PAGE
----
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Hum Pathol. 1998 Aug;29(8):801-8.

p53 alterations in atypical alveolar hyperplasia of the human lung.

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  • 1Department of Pathology, Academic Medical Center, Amsterdam, The Netherlands.

Abstract

Atypical alveolar hyperplasia (AAH) is a potential precursor lesion from which lung adenocarcinomas arise and may be a good target for studying the early events of lung tumorigenesis. We have previously shown that AAHs are neoplastic epithelial proliferations that often harbor activating mutations of the K-ras oncogene. In the current study, we examined a spectrum of AAHs to determine the frequency and timing of p53 alterations in lung tumorigenesis. We analyzed 37 AAHs and their paired overt lung neoplasms for p53 protein accumulation using the monoclonal antibody DO7. DNA sequence analysis of the p53 gene was performed on those cases demonstrating p53 protein accumulation. AAHs were classified as low-grade, high-grade, or AAH-like carcinoma based on cytoarchitectural features. Accumulation of the p53 protein was found in none (0%) of 20 low-grade AAHs, in 1 (9%) of 11 high-grade AAHs, and in three (50%) of six AAH-like carcinomas. There was a statistically significant trend toward p53 accumulation with increasing grade of the AAHs. A missense mutation in exon 7 of the p53 gene was found in 1 AAH-like carcinoma, whereas mutations in exons 5 through 8 could not be detected in the other three AAHs with p53 protein accumulation. Three of the paired overt carcinomas harbored p53 mutations that were not present in the AAHs. Alterations of p53 do not appear to be common events in AAHs, especially when these lesions exhibit low-grade cytoarchitectural features. Alterations of p53, however, are more frequent at the level of AAH-like carcinoma and may be associated with the transition from a benign to a malignant proliferation of pneumocytes.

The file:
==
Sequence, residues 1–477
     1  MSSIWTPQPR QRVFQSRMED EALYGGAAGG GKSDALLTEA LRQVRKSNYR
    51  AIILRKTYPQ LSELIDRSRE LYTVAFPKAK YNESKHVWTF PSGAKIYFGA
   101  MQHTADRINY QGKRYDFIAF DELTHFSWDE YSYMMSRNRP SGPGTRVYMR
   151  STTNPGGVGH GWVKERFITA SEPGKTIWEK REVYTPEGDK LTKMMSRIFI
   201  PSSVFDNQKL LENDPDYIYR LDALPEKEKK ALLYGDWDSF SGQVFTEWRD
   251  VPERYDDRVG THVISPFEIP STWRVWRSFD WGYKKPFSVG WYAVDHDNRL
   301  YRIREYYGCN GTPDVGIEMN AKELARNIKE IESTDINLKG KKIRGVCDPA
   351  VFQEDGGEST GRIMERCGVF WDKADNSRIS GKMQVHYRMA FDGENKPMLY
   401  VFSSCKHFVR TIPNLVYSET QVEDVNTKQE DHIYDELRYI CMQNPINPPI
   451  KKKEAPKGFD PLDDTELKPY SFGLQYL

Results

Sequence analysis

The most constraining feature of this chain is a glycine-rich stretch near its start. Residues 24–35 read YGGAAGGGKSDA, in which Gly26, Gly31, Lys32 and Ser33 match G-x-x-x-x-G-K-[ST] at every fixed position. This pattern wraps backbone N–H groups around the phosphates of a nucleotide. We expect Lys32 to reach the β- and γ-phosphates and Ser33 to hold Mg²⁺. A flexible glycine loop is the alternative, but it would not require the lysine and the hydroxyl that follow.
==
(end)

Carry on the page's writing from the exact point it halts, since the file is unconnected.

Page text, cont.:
PMID:
9712420
[PubMed - indexed for MEDLINE]
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